Two men who tried to hijack a Turkish plane have surrendered after all 136 passengers and crew escaped unharmed.
The Atlas Jet plane was flying from Northern Cyprus to Istanbul when the two men tried to divert it to Iran.
Instead, the pilot landed the plane in the southern city of Antalya, claiming it needed refuelling.
Turkey's interior ministry said one of the hijackers was a Turkish national and the other had a Syrian passport. Their motives are not yet known.
Earlier, Turkish Cypriot officials said the two men were Iranian nationals protesting against actions of the United States.
The hijackers announced after the plane landed that women and children could leave.
But when the emergency exits were opened almost everyone rushed out, the BBC's Turkey correspondent Sarah Rainsford reports.
Many leapt from the wing of the plane to safety.
The two pilots also jumped from the cockpit on the tarmac, in order to avoid having to fly the plane to Tehran.
Eventually all passengers and crew members were released unharmed and the hijackers surrendered.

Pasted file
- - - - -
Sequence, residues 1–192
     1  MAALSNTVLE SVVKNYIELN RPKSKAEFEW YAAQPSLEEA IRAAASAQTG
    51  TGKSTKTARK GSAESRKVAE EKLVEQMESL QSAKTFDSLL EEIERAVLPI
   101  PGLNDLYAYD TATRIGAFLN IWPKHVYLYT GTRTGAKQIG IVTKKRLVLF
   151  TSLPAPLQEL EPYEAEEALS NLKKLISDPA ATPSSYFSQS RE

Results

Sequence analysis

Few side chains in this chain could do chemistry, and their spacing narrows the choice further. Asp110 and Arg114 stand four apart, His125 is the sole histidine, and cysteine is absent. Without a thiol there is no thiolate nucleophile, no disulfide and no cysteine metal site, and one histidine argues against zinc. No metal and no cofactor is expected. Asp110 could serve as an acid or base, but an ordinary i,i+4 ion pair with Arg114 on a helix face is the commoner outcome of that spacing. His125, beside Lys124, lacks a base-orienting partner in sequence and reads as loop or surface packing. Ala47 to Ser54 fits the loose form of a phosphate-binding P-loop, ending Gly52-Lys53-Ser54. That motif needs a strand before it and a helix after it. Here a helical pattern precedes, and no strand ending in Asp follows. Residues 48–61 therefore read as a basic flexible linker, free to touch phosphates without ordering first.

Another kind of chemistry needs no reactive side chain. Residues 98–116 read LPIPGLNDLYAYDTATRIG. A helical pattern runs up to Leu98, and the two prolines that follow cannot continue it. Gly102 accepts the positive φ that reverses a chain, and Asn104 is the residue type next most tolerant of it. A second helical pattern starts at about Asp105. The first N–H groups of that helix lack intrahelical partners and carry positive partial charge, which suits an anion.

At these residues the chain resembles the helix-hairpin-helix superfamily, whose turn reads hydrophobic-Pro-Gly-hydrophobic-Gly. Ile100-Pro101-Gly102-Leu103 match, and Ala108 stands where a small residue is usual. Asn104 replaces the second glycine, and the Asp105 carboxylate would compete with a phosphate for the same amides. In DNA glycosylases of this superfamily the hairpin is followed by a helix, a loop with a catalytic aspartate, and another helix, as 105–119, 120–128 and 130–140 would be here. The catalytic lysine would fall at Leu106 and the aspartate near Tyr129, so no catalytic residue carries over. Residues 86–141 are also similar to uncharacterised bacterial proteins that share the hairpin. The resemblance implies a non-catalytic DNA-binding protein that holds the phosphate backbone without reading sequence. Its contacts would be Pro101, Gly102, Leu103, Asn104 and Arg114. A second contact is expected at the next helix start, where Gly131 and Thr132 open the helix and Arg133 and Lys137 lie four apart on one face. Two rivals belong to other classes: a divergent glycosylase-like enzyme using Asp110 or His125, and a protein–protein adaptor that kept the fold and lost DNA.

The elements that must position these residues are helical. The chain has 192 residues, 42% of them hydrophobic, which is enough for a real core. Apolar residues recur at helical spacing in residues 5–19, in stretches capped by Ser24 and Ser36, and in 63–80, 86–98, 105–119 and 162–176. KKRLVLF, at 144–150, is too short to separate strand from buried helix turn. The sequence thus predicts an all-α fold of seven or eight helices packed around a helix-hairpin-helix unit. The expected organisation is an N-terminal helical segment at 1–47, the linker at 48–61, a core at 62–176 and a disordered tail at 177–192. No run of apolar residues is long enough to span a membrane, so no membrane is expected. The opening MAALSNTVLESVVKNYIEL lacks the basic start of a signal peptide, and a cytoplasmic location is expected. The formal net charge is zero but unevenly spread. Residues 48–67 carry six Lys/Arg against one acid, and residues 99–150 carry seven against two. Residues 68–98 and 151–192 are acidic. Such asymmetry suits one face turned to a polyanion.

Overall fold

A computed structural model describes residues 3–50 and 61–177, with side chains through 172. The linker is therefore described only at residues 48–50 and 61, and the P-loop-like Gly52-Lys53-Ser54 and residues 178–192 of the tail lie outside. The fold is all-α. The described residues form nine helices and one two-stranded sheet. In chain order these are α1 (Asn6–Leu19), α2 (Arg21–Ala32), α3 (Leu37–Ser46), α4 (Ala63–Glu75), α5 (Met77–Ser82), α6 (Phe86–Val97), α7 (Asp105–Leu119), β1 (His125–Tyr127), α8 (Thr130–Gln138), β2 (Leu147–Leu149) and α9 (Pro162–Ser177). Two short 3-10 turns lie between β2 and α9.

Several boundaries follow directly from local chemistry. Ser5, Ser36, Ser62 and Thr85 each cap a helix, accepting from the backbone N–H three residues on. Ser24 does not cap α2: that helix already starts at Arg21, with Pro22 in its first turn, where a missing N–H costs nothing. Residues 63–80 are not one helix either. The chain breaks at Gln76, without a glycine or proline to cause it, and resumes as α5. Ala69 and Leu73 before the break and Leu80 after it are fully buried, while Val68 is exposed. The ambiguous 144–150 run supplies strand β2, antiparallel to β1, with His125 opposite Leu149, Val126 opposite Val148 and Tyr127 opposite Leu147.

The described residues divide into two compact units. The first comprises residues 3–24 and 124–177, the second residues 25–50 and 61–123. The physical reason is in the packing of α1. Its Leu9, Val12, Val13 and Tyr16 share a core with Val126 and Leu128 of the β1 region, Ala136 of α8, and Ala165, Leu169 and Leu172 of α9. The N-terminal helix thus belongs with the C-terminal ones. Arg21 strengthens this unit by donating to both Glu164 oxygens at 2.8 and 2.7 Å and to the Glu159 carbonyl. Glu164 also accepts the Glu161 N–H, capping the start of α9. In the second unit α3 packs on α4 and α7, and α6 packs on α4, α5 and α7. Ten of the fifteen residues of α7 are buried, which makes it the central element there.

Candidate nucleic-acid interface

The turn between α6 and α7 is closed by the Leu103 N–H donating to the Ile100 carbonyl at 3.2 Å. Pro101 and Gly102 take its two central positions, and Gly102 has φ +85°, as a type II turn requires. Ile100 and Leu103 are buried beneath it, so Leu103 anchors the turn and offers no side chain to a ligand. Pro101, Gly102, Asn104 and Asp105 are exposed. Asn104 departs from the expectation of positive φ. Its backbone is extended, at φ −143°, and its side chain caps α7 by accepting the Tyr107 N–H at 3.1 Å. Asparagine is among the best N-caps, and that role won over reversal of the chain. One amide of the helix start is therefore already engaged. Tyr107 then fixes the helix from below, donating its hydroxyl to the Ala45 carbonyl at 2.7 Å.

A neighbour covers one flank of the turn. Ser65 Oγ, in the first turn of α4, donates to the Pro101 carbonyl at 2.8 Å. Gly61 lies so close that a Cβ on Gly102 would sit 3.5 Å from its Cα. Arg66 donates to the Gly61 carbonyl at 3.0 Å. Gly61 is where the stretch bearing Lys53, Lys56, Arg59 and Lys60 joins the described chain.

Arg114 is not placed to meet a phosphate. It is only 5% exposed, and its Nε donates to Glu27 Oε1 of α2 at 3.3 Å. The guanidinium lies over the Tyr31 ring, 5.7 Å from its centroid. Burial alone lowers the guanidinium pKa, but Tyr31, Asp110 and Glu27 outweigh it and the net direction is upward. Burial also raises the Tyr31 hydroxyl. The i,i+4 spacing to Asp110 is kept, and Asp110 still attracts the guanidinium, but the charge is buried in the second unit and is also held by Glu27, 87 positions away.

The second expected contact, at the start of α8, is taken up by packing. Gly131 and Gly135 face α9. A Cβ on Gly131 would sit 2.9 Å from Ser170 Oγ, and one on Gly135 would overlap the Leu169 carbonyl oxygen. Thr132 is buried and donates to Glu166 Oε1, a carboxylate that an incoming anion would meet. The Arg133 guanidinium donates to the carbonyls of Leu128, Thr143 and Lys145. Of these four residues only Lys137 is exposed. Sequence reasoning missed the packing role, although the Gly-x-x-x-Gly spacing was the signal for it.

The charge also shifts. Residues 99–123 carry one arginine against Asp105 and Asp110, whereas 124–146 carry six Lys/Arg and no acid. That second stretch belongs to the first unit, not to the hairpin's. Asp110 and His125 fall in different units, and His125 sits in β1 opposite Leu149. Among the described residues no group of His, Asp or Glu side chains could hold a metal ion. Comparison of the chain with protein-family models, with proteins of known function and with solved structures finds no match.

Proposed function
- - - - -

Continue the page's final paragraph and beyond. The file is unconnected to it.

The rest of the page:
They are being questioned by interior ministry officials.
Passengers spoke of their panic as the hijack began, when, they said, the pilot appeared for a moment to lose control of the plane.
The men are not thought to have had guns, though passengers described a suspect package that might have been a bomb.
Officials in northern Cyprus say their security checks are up to international standards and so far they have no reason to believe there were explosives on board.
An official from the airline, Atlas Jet, said that there were 136 passengers and six crew on the plane when it left Ercan Airport in Northern Cyprus.
Shortly afterwards two men tried to forced their way into the cockpit.
When they did not succeed, the men asked to be flown to Iran, but the plane landed in Antalya, after the pilot claimed it needed refuelling.
Plane hijacks and bomb threats are not uncommon in Turkey, where a number of radical groups - ranging from Kurdish separatists to far-left militants - operate.
In the last 18 months several such incidents have been defused without any passengers being harmed.